Do I feel sad his colours are not red, white and blue………I can not tell yet.
I am an immigrant trying to learn about this new place but it is hard because the Europeans before me have trampled on history and broken the threads of the stories that used to be told. The date of Polynesian settlement of New Zealand is unknown, it was said to have been between 950 -1130 AD. The mythical Polynesian navigator, Kupe, is believed to have arrived around 925. The mythical Maori figure Toi was thought to have visited New Zealand in 1150. I pick up bits and pieces.
Maori culture is ever present and getting stronger. The young generation are spitting out the gags and speaking their own language again. Stories are being retold, historical placed rediscovered. The old and the new are blending. As a new settler, I am not caught up on old arguments about land and settlements. I can appreciate the beauty of both sides.
He leaves with the rest of the team in a few days and my husband wanted to give him something to remind him of his roots. I was unsure.
A parcel arrived, my husband pulled open the plastic to reveal a small hand weaved flax purse which held a beautifully carved greenstone fishhook or Matau necklace. The carver had used a translucent type of Pounamu or greenstone, it is a unique piece. My husband explained its meaning as I turned the surprisingly light carving around and my hand and held it to the light. The Maori people were great mariners and fishermen so the Matau is one of the most powerful symbols used in Maori culture, he told me. The words it was wrapped in told us it represents prosperity, abundance and fertility.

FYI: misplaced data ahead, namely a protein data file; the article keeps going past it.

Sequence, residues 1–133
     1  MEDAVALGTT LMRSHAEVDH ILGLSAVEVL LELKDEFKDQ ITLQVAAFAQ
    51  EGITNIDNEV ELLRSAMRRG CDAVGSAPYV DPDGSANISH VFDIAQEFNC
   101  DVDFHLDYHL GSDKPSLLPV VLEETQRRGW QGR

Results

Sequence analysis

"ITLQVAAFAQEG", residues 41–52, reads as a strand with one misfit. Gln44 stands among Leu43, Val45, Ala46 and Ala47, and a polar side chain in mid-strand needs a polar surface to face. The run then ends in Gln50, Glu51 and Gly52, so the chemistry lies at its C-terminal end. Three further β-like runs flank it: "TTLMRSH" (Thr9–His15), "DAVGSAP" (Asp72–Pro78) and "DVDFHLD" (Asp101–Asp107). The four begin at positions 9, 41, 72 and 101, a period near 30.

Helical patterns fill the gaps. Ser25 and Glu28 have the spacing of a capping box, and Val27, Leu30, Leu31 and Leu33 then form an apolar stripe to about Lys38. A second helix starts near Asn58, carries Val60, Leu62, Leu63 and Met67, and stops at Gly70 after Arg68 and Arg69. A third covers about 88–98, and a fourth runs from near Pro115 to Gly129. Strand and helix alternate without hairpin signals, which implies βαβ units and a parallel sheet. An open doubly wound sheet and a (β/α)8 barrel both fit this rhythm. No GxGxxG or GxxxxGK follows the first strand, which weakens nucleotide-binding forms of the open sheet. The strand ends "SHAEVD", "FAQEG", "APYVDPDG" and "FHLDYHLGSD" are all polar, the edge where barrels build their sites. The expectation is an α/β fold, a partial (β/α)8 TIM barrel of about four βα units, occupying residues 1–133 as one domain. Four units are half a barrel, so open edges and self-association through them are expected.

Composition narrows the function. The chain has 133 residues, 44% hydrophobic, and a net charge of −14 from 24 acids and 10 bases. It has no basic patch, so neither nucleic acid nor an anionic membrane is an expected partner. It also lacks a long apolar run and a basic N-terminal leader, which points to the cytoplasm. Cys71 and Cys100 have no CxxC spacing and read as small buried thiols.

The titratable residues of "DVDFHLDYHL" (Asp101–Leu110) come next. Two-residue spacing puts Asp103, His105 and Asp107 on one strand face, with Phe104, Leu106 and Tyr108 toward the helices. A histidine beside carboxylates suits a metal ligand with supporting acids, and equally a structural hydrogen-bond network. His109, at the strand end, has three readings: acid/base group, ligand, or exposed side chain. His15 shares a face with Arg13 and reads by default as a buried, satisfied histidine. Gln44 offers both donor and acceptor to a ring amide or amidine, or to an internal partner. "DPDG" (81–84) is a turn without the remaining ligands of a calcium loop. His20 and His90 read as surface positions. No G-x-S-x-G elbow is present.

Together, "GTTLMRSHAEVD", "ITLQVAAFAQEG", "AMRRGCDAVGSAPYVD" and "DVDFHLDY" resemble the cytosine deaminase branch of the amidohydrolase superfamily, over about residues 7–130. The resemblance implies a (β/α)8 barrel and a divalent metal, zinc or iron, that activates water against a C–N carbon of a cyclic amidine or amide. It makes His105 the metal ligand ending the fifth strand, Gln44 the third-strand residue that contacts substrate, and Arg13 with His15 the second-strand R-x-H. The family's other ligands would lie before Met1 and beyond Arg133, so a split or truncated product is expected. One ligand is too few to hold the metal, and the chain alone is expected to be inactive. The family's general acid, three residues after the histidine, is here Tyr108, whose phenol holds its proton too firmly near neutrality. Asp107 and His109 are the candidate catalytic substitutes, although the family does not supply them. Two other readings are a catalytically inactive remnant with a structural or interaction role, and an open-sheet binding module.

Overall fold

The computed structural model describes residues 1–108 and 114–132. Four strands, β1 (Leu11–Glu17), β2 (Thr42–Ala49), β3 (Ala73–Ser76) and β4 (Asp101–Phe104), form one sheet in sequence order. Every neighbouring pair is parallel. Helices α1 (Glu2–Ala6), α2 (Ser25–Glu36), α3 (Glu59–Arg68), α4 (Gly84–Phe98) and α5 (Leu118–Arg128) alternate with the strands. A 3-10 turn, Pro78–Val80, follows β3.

I am more familiar with the patron saint of travelers St Christopher so might have suggested a small silver necklace, but I am not really inclined that way.
It also is said to provide good luck and safety when travelling over water. The wearer of a Hei-Matau is seen as a provider and protector who is strong-willed and determined to succeed in life. We all have to wear it, he told me, so it can capture our love and spirit so that these things might be carried with our boy on his journey through life.
Later that day I took the necklace from my daughter and put the waxed cord over my own head. The stone felt warm against my skin. I pushed it into the place beneath the hollow at my throat, closed my eyes and wished for safety.
As we sat around the dinner table my husband handed his son the weaved purse, who read and listened to our words. He listened to our hopes, our promises of unconditional love, and support. My children, who are shedding the sibling rivalry layers, looked at each other with respect at the table tonight.
Yes I am happy my son is wearing black with a silver fern, it is the most perfect blend. He carries with him a part of us all, he is a product of two worlds, with the freedom to choose. He wears a new Matau necklace on the outside, his mixed history runs through his blood on the inside.